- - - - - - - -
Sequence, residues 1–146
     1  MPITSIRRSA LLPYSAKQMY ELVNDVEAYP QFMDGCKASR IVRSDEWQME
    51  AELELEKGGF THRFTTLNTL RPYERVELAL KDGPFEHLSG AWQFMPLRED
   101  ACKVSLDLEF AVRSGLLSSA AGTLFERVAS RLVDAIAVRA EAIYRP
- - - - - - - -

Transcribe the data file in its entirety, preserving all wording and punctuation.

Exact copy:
Sequence, residues 1–146
     1  MPITSIRRSA LLPYSAKQMY ELVNDVEAYP QFMDGCKASR IVRSDEWQME
    51  AELELEKGGF THRFTTLNTL RPYERVELAL KDGPFEHLSG AWQFMPLRED
   101  ACKVSLDLEF AVRSGLLSSA AGTLFERVAS RLVDAIAVRA EAIYRP